All cells contain a network of molecular chaperones that help other proteins (often called “clients”) fold into functional three-dimensional conformations. Decades of research on chaperones has led to a detailed understanding of their mechanisms, especially for chaperones that depend on ATP binding and hydrolysis to drive the chaperone-client folding cycle. In a new paper published in Molecular Cell, we investigated how a bespoke, ATP-independent chaperone system uses the energy of GTP hydrolysis by its G protein client to drive the folding cycle. This unexpected new chaperone mechanism turns the ATP-dependent chaperone mechanism on its head and advances our understanding of the diverse ways that ATP-independent chaperones enable client folding.
In another recent work (Sabbarini et al., 2023) we discovered a highly conserved and essential chaperone called Zinc-finger protein 1 (Zpr1) that is dedicated to folding the cell’s amino acid deliveryman, translation elongation factor 1A (EF1A, or eEF1A in eukaryotes). The primary function of eEF1A is to deliver the correct amino acid-charged tRNAs to ribosomes during protein synthesis, and Zpr1 makes sure eEF1A folds into the correct structure to do so. Zpr1 facilitates eEF1A folding by cradling an eEF1A folding intermediate using extensive contacts tailored to the eEF1A structure but does not bind and hydrolyze ATP like many other chaperones. As the energy of ATP hydrolysis is not involved to help regulate the folding mechanism, this raised a key question that we addressed in the current paper: How is the Zpr1•eEF1A interaction regulated to allow for efficient release of folded eEF1A and recycling of Zpr1? A key insight came when we discovered that the energy of GTP hydrolysis, a molecule similar to ATP that eEF1A binds and hydrolyzes, is critical for Zpr1 to fold eEF1A. Further experiments led to the discovery that Zpr1 enables misfolded eEF1A to acquire its enzymatic GTPase activity. Without GTP hydrolysis Zpr1 becomes “clogged” with eEF1A folding intermediates. This discovery alone was exciting, because there are few definitive examples of folding proteins who drive their own exit from the chaperone pathway by directly harnessing the energy of nucleotide hydrolysis.
The story doesn’t end there. No chaperone is an island, as exemplified by the diverse co-chaperones that regulate the activity of core chaperones. Zpr1 is no exception. Using yeast genetics and cell microscopy, we also identified an uncharacterized protein family that functions as a Zpr1 co-chaperone. This co-chaperone is called Aim29 in budding yeast and is needed for efficient eEF1A folding. It was clear in early experiments that deleting the AIM29 gene caused severe eEF1A misfolding problems, but the biggest challenge was understanding the molecular mechanism of Aim29 function. This was in part because our initial efforts to isolate Aim29 associated with Zpr1•eEF1A folding complexes failed to detect any interactions. A key breakthrough came when we found that supplementing cell lysates with a non-hydrolyzable GTP analog stabilized a Zpr1•eEF1A•Aim29 complex. Structural modeling using the structural prediction tool ColabFold gave some additional insight into how Aim29 might function. The structural models suggested that Aim29 senses the GTP-bound conformation of the eEF1A “switch” region, a structural motif that is known to undergo switch-like conformations timed by GTP binding and hydrolysis. We went on to show that Aim29 and GTP hydrolysis both enable eEF1A release from Zpr1 in a reconstituted folding reaction, suggesting that Aim29 sensing of GTP-bound eEF1A folding intermediates and a GTP hydrolysis event both contribute to efficient eEF1A biogenesis.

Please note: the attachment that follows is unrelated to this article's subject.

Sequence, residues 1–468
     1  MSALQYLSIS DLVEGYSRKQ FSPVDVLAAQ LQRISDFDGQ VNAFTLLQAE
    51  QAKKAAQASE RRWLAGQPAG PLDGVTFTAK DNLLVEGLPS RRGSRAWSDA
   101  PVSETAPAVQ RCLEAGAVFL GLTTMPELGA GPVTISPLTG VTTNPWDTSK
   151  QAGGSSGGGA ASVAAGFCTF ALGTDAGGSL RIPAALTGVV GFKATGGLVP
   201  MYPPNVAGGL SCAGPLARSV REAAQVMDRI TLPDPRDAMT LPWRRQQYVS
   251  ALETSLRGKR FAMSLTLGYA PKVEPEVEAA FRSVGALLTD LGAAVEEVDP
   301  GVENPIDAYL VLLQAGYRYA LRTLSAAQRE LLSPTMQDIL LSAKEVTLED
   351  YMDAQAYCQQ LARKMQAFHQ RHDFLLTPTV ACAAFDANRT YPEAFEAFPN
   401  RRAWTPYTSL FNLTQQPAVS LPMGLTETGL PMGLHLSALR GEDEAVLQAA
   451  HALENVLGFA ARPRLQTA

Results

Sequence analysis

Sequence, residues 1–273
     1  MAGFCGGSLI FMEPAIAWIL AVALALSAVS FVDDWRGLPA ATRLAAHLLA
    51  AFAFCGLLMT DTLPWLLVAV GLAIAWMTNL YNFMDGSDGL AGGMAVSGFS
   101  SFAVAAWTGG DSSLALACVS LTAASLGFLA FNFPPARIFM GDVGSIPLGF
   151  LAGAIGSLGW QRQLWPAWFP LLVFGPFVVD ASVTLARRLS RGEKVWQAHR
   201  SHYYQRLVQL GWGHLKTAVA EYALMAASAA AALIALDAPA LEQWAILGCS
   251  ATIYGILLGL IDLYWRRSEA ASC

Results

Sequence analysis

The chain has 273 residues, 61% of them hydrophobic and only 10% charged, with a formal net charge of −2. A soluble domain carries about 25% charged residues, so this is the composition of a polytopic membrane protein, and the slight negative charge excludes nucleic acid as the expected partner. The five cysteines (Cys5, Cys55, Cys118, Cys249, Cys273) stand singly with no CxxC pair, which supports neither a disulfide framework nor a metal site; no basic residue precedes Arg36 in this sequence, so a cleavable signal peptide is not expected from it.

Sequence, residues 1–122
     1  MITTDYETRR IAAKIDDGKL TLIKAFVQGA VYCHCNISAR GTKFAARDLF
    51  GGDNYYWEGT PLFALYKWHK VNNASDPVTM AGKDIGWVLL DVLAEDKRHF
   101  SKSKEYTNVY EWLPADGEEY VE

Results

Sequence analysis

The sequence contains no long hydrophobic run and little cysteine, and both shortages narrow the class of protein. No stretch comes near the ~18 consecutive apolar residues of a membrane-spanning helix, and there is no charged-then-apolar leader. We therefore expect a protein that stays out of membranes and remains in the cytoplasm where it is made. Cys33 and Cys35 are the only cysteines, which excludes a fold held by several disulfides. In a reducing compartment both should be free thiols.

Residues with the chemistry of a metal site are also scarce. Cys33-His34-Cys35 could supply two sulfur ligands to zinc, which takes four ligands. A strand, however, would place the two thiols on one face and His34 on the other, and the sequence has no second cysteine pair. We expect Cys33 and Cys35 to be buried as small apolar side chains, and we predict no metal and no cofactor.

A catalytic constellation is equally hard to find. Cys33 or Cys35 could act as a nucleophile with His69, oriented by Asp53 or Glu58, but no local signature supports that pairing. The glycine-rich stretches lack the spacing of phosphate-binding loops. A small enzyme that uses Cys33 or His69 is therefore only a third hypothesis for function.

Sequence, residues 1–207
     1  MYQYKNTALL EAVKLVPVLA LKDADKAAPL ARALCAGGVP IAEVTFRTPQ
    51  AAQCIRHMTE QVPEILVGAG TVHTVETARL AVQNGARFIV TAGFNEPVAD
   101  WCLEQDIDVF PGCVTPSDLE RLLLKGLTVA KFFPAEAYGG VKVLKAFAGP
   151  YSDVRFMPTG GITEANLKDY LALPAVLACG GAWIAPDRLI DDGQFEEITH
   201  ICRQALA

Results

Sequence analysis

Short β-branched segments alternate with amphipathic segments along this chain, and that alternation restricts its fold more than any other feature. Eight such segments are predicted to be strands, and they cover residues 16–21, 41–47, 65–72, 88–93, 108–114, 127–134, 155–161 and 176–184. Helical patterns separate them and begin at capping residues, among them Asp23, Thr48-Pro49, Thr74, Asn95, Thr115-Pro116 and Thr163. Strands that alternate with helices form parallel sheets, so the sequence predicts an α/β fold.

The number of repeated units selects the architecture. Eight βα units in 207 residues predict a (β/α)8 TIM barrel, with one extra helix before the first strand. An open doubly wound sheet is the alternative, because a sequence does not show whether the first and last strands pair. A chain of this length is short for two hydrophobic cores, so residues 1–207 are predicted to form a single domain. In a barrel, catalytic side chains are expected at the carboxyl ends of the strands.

Many mysteries remain. Does Aim29 mechanically couple eEF1A conformational changes induced by GTP hydrolysis to release from Zpr1’s grasp? We identified Zpr1 mutations that bypass the need for Aim29, but how do these mutations alter the dynamics of the Zpr1 chaperone mechanism? What captures a folded eEF1A molecule after it is released from Zpr1 to prevent unnecessary recapture? Future efforts to answer these questions will undoubtedly unravel more exciting mechanistic details that increase our understanding of molecular chaperones.